During high-speed exercise, one of the common problems affecting breathing, and therefore performance, is a malfunction of the soft palate called DDSP (dorsal displacement of the soft palate). This is commonly referred to as “choking up”, “gurgling”, or “swallowing the tongue”.

It is caused by the soft palate temporarily becoming dislodged from its normal position and dramatically reducing the airflow in and out of the lungs. This is commonly accompanied by a sudden onset of a gurgling-type noise and poor performance. Despite extensive research the cause of DDSP remains a mystery.

Endoscopic examination of the horse at rest cannot provide a diagnosis of DDSP because it is a functional problem occurring only when under the pressure of hard exercise. Nevertheless, a resting examination will provide useful information about whether there is a primary physical problem that might make the palate unstable.

Examples of primary problems might be a cyst within the palate itself or in the tissues beneath the epiglottis, an ulcer on the edge of the palate or excessive inflammation within the throat. In these cases, treatment for the DDSP will not be successful until the primary problem is sorted out.

In the past 10 years, the development of high-speed treadmill endoscopy has proved a very useful tool in investigation of DDSP. Horses are trained to exercise on a treadmill and an endoscope is placed via the nostril and attached to the noseband so that images are viewed of exactly what is happening in the airway when the problem occurs. Treatment can be given that is specific to those findings.

The palate actually displacing can be the result of a complex series of events and each horse may displace its palate as a result of a slightly different set of circumstances.

There are several theories on the possible causes of DDSP and the variety of treatment options used by different surgeons reflects this. Possible
hypothesized causes include:

  • Open-mouth breathing, leading to the soft palate billowing up and making the seal with the epiglottis liable to break
  • The tongue being pulled backwards, leading to lifting of the soft palate and breaking the seal
  • Increased negative pressure in the airway, possibly secondary to lung disease
  • A small or flaccid epiglottis, weakening its ability to keep the soft palate tucked underneath it
  • An inherently incomplete seal between the palate or epiglottis
  • The strong ventral neck muscles pulling the larynx back excessively, thus reducing the area of epiglottis in contact with the palate
  • Excessive head flexion
  • Lack of pharyngeal/throat tone associated with unfitness

Because of the difficulty in determining the cause of DDSP, it is not surprising that a variety of treatment options have evolved, many with only a moderate success rate.

The use of tongue ties and figure-of-eight nosebands to keep the tongue under the bit and prevent oral breathing are often tried and are sometimes helpful

In cases where there is a lot of inflammation in the throat region, medical treatment may be a solution. This can be carried out daily, by both oral and topical anti-inflammatory agents (with a flexible catheter passed via the nostril and up into the throat region).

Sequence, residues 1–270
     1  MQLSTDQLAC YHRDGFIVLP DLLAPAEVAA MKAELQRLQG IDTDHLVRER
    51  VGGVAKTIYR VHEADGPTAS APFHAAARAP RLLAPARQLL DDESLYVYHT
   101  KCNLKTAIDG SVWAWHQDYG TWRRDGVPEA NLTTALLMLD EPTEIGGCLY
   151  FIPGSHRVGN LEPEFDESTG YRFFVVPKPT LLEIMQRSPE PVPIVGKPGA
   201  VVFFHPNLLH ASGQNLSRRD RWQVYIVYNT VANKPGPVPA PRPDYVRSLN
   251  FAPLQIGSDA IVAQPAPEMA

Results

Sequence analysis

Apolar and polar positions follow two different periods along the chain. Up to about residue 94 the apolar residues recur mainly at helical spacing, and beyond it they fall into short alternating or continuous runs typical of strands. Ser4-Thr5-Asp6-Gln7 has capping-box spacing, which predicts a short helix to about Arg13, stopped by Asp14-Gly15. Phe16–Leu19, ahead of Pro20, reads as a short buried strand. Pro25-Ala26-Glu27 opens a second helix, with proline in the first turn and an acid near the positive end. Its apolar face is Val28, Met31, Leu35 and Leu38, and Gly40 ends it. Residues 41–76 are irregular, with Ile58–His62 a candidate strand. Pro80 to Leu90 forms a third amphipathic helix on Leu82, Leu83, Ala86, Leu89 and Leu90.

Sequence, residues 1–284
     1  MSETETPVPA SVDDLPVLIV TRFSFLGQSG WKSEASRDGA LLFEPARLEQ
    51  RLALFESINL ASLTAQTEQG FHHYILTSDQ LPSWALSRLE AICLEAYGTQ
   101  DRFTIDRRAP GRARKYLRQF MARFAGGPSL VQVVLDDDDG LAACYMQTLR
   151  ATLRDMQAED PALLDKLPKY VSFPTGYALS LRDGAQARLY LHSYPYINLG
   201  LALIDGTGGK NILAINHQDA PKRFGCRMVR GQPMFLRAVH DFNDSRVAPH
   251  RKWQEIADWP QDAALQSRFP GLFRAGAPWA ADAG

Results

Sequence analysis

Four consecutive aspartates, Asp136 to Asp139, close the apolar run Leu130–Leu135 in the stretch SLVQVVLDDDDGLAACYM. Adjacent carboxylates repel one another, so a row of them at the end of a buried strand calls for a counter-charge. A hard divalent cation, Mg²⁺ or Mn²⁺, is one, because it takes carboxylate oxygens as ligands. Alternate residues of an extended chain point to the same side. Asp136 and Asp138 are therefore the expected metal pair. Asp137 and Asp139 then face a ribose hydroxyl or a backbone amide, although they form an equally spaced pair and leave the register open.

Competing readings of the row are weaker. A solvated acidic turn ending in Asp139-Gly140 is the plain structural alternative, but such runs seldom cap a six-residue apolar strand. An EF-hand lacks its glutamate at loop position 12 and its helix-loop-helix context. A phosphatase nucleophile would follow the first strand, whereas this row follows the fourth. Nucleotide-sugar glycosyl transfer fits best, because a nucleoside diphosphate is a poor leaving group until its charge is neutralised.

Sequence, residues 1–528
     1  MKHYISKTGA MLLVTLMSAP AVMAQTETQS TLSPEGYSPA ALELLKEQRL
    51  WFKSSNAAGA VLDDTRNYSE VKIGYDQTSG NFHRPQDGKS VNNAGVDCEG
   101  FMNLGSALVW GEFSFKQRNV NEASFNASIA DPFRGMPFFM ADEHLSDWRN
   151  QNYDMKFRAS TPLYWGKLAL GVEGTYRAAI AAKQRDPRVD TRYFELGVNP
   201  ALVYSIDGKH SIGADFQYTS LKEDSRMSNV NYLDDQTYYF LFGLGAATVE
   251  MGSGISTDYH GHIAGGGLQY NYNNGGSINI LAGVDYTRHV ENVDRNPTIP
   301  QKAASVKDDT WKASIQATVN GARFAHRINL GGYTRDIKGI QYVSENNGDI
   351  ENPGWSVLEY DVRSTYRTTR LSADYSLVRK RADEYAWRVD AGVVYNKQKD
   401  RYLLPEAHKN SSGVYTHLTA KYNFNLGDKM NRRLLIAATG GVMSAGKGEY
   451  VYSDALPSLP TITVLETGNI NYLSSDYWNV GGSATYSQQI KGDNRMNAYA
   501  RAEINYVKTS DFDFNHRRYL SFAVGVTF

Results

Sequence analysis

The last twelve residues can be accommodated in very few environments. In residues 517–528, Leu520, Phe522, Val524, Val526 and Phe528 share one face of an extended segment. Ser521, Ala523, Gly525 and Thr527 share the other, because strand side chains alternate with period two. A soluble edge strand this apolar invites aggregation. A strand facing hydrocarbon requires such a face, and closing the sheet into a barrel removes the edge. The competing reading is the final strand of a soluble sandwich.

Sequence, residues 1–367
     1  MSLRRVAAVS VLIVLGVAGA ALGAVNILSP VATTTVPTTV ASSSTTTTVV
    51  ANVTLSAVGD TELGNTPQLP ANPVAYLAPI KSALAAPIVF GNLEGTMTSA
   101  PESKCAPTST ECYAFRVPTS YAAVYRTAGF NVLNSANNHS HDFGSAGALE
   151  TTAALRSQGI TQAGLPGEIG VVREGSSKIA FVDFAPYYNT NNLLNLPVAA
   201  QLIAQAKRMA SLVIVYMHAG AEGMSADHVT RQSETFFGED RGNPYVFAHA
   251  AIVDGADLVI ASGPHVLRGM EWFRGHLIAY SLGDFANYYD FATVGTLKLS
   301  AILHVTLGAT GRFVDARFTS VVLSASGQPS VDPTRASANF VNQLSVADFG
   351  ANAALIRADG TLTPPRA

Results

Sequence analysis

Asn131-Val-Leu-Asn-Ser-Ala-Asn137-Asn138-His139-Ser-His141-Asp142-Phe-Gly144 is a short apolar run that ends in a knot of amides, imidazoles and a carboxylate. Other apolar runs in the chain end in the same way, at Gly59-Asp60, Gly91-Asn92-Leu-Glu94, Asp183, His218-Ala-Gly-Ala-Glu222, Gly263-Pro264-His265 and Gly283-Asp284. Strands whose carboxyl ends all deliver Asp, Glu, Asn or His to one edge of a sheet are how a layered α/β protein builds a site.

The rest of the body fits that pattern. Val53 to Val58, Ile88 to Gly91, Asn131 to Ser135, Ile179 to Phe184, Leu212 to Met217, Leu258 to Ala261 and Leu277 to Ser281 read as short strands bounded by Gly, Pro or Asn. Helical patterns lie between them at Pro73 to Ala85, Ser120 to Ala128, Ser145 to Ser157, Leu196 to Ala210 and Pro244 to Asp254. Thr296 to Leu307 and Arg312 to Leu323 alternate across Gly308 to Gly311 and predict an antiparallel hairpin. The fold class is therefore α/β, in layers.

In all cases, the horse’s level of fitness should be assessed and, if necessary, increased, before deciding on a surgical option. It is only once any medical issues have been addressed and there are no underlying primary reasons for the palate becoming displaced that the horse becomes a surgical candidate.

No one surgical option for DDSP has been entirely satisfactory and surgeons are still seeking an ideal solution to the problem. One of the earlier surgeries performed was cutting a strip off the back edge of the soft palate (staphylectomy). This is still a popular option with a relatively high success rate, but exactly how it improves stability of the palate is not clear.

It is thought that the scarring at the edge of the palate may stiffen it and produce a tighter seal, thus reducing the likelihood of DDSP. Also, if displacement were to occur, a shorter palate would obstruct the airway less and would be more easily returned to its normal position underneath the epiglottis.

In the early 1990s, a surgical procedure was developed to take a “tuck” in the palate from side to side, making the palate tighter and less likely to billow up and displace.

Some surgeons try to make the palate firmer and more stable by firing it in lines along its length. Another popular treatment is removing a section of the muscles (myectomy) on the underside of the neck that are responsible for pulling the larynx backwards, thus reducing the area of epiglottis in contact with the palate. This is often performed in combination with a staphylectomy.

In horses with a small or flaccid epiglottis, some surgeons felt that it was advantageous to increase its stiffness, thus enabling it to maintain its position above the palate more easily and preventing DDSP. This view led to an operation being developed where a Teflon paste was injected on the underside of the epiglottis. In some cases encouraging results were seen, but this procedure has been less commonly performed recently.

In America, a surgery has recently been developed that moves the larynx forward
(a laryngeal “tie-forward” operation). Large sutures, attached to a bone in front of the larynx, are tensioned to each side of the larynx, thus pulling it forwards. This means that the epiglottis is well hooked over the palate and at exercise the neck muscles are not able to pull the larynx backwards.

This surgery has been performed in more than 100 cases so far and early results look encouraging. Nonetheless, it is probable that some cases of DDSP will still be a perplexing problem for vets in the future.

  • This veterinary feature was first published in Horse & Hound (14 October 04).


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